Peters called the matter “urgent” and requested a response from USPS by April 1. Among the requests that have gone unanswered—Peters previously wrote to DeJoy in December and again in February—were for detailed assessments of the network changes’ impacts on service from a facility and nationwide basis, plans to study early impacts before moving forward, immediate and long-term timelines, cost estimates and employee attrition calculations.

Peters noted the changes have drawn widespread bipartisan and bicameral concerns, and several other lawmakers have complained of receiving insufficient feedback from postal management. 

“The nature of USPS’s network changes has now raised significant concerns including the potential for degraded rural service due to fewer facilities, delayed delivery of election mail that would be processed at out-of-state facilities, and critical health information such as laboratory tests not being processed same-day due to decreased transportation trips,” he said. 

The Postal Service has maintained the changes will allow the processing and transportation of mail to flow more logically, while reducing costs and improving the employee experience. It has acknowledged mail delivery in some regions that have piloted the agency’s changes reached an “unacceptable level of service” while apologizing for any difficulties that has caused.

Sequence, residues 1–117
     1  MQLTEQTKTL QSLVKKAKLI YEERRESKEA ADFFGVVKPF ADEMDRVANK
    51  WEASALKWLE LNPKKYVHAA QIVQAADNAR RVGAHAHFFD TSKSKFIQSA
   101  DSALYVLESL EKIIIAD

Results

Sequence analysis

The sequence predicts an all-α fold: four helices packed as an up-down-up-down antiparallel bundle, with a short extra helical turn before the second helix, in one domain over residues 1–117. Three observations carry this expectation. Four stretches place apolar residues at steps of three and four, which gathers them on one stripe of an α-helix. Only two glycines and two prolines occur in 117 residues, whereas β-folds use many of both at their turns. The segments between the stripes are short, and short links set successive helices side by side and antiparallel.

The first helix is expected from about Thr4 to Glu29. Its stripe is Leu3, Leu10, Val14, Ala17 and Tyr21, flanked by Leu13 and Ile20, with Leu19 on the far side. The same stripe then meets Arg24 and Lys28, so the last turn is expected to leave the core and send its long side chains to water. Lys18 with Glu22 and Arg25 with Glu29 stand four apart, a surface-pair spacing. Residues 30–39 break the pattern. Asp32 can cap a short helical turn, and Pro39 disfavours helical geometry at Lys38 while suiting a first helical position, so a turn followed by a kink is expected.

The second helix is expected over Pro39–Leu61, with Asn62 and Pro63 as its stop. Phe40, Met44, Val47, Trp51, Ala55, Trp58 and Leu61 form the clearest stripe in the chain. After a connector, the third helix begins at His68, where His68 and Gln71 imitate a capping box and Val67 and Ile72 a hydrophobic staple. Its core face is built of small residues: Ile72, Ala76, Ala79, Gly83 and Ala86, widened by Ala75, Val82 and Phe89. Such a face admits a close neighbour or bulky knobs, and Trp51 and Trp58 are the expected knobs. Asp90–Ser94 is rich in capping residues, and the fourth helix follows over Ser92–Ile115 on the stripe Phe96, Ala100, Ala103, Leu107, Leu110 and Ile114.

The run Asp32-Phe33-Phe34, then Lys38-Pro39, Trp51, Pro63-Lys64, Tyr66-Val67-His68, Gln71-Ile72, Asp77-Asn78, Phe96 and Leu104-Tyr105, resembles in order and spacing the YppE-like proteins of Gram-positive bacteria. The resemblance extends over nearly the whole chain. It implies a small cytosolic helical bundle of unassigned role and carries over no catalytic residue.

Peter Pastre, the USPS vice president for government relations and public policy, said in response to the letter that Peters' assertions were "highly inaccurate" and the Postal Service has, in fact, gone to great lengths to share details of its plans. While Peters called those responses insufficient, Pastre noted the most recent response included dozens of pages with additional attachments that "provided data on service performance for specific transitioning sites." DeJoy himself has asked to brief the committee, but Pastre said Peters has not expressed an interest in accepting the offer until this week. The committee has received staff-level briefings and hundreds of notifications of changes at facilities, Pastre added, which provide significant detail on operational changes. 

DeJoy is unlikely to heed Peters’ request for a pause, as he has repeatedly spoken to the urgency of his efforts and called on lawmakers, regulators and stakeholders not to interfere with them. The Postal Service is in the process of standing up hundreds of new Sorting and Delivery Centers and more of its regional mega-centers.

Pastre confirmed the Postal Service had "no plans to pause the network investments and modernization" efforts. Doing so, he said, would negatively impact employees, add costs, slow construction, harm performance, roll back new product offerings and damage the environment. 

President Biden has nominated former Labor Department Secretary Marty Walsh to serve on the USPS board of governors, which must approve DeJoy’s broadstroke plans. His confirmation would give Biden his sixth nominee to sit on the board that has nine presidentially appointed, Senate-confirmed slots. Walsh would be the fourth Democrat to sit on the board, joining three Republicans and one independent.

This story has been updated with additional comment from USPS.